Four girls from different backgrounds are selected to become “The Flyers” for Spread Your Wings Magazine. Elena is a shy Latina who lives in her best friend’s shadow and is uncomfortable about the pubescent changes in her body. Harlow is a Japanese-American wannabe journalist, Cailin, a young influencer, and Whitney, a Black fashionista who secretly has panic attacks. The girls spend a week in New York City together than bonds them as friends and gives them the courage to find their voices.
Elfie Oster is ready to leave Cottonwood Elementary. She doesn’t have any friends at the school and she’s tired of having to do group projects all by herself. It doesn’t help that her super popular cousin, Jenna, whom everyone likes, is also in Cottonwood — and also not Elfie’s friend. Thankfully, she’s been admitted at Hampshire Academy, a swanky private school where she knows everything will be different. Unfortunately, after a misunderstanding, Elfie is swiftly expelled from Hampshire and has to return to Cottonwood.
Maddy Gaines is an anxious girl still coping with the grief of her father’s death — and also adjusting to her new stepfather. Home conditions are good: her mother is patient and reassuring, and she and her stepdad go on regular outings together by themselves. One day, Maddy sees on the news that a boy named Billy Holcomb has gone missing. Then several weeks after, she runs into another boy who looks a lot like Billy, except his hair is different and he’s taller than Billy was, and oh — his name is Eric.
Meg and Riley’s lives change when the two girls meet at the nurse’s office and bond over jelly beans. But the road to friendship isn’t without bumps. Meg’s mom has not been herself since Meg’s father died. She hardly gets out of bed and can’t hold a job or do food shopping. Meg wears slippers to school and a ratty t-shirt. Riley on the other hand has Type 1 Diabetes and has an insulin pump. She also has to check her sugar and track how much sugar she’s consuming so that her pump can supply enough insulin for her needs.
One Last Shot follows 12-year-old Malcolm who has an anxious streak and never feels good enough, especially for his dad. It doesn’t help that his parents are always arguing, and Malcolm is typically caught in the middle. Malcolm’s father loves competitive sports (especially baseball) and is disappointed when Malcolm decides to stop playing because he isn’t good at it and does not enjoy it. But he finds some respite when Malcolm becomes interested in miniature golf — and actually enjoys it.
As usual, Malcolm’s father goes overboard, hiring a coach called Frank and signs Malcolm up for a tournament. The book alternates between the events of the tournament day and past events leading up to the tournament as Malcolm and Frank forge a sweet friendship, Malcolm befriends a smart girl named Lex, and his parents relationship deteriorates.
It’s My Party and I Don’t Want to Go is quite the mouthful, but the quirky title encapsulates this book’s nature. Ellie is a young Jewish girl with undiagnosed social anxiety. She gets physically sick — sweaty, lightheaded, shaky, fainting at times — at the thought of being the center of attention, and even worse when her worst fear actually happens. Her latest anxiety trigger is the thought of her fast-approaching bat mitzvah.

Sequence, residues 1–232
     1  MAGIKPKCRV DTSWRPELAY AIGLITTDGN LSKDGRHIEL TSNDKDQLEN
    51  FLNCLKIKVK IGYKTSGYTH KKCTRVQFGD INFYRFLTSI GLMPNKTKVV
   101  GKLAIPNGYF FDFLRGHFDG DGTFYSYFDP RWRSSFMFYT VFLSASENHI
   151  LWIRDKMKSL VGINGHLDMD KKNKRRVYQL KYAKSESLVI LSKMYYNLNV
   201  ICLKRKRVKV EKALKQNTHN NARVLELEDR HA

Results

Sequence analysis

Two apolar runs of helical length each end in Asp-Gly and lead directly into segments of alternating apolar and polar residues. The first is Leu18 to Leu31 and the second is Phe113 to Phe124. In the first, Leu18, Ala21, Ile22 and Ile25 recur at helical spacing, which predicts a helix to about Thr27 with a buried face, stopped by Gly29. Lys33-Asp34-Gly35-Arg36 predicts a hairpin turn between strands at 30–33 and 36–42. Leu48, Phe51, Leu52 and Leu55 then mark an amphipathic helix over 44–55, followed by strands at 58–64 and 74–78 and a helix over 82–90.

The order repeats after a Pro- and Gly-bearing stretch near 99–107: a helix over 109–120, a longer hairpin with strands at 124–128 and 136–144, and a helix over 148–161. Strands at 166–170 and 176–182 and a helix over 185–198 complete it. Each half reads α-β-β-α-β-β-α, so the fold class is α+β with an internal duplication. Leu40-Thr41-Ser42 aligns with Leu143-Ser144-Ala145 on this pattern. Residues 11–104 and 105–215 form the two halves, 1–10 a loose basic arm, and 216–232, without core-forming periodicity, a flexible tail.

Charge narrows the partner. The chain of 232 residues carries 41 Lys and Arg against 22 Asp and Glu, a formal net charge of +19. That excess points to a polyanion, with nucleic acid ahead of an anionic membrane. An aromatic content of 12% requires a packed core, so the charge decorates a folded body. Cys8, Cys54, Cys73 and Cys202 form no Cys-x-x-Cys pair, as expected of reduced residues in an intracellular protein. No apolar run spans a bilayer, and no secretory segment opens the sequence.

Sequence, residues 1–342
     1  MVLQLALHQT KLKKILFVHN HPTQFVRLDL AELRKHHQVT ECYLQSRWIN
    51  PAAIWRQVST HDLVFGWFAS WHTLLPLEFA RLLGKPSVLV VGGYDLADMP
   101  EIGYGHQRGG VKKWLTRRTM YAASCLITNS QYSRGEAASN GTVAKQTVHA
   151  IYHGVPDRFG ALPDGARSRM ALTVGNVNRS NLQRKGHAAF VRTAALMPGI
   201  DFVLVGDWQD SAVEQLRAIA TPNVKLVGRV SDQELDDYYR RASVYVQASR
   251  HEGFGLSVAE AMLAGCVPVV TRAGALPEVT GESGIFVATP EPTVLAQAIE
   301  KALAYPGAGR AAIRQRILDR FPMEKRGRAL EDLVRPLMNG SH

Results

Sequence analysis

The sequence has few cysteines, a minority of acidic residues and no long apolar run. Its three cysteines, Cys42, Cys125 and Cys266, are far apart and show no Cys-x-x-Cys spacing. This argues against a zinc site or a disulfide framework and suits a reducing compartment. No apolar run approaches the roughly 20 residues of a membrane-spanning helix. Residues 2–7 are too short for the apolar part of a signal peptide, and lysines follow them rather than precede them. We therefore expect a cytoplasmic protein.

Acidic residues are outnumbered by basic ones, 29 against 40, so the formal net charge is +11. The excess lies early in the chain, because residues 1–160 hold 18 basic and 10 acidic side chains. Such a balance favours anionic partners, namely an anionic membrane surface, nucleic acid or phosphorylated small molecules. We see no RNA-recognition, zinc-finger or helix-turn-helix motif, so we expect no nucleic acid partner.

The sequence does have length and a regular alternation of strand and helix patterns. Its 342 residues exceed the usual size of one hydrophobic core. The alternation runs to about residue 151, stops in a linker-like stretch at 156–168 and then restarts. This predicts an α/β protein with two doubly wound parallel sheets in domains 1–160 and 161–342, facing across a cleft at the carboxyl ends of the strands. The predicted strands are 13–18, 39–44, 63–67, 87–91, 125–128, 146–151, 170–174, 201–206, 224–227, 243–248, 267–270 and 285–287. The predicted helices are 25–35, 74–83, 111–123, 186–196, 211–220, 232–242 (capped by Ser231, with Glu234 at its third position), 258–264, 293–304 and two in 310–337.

Middle-grade books about anxiety are becoming more and more important, thanks to the anxious times we’re living in. More people (parents, teachers, and children) struggle with clinical anxiety. While many manage their symptoms with therapy and medication, it doesn’t hurt to see their stories reflected in the books they read. In the past, I made a list of middle-grade books about mental illness which included some of the books on this list. For today’s list though, I’m focusing on the best middle-grade books about anxiety disorders.
Guts is based on Telegmeier’s experience with anxiety as a tween. After a case of the stomach flu in their family, Raina becomes terrified of vomit and vomiting. Her anxiety manifests physically as a stomachache which further exacerbates her fear of vomiting and intensifies her anxiety. Her parents take her to see a doctor who after multiple tests assures them that Raina is “healthy as a horse.” Unsure what to do next, they take her to see a therapist.
Kat Greene lives in New York City with her mom and attends an unconventional middle-school (where no one gets disciplined). Since her parents’ divorce and her mom’s job loss, Kat’s mom has been cleaning and washing her hands a bit too often. Her hands are red and chapped, and she has to wipe down cans at the grocery store before she can buy them — no matter how long it takes.
In Center of Gravity, Tessa has become more anxious after losing her mother to breast cancer. This middle-grade novel is set in 1985, which I guess would make it historical fiction. To soothe her anxiety, Tessa cuts pictures of missing kids out of milk cartons. For her, it is crucial that every next milk carton bear the face of a child not already in her collection. So, at lunch, she has to take time sifting through milk cartons to find a new face.
Pablo is used to moving around and feeling unmoored. His mama has been packing up and moving every few months since she and his father got separated. Now, they’re in the Philippines where mama is working with an animal sanctuary Pablo is struggling to cope with anxiety and obsessive-compulsive behaviors. Things take a somewhat positive turn when “Chiqui,” an orphaned Filipino girl with a cleft lip is thrust upon mama.
Not If I Can Help It is a shining example of the way books can foster empathy. This middle-grade novel about a girl with sensory processing disorder is captivating and very realistic.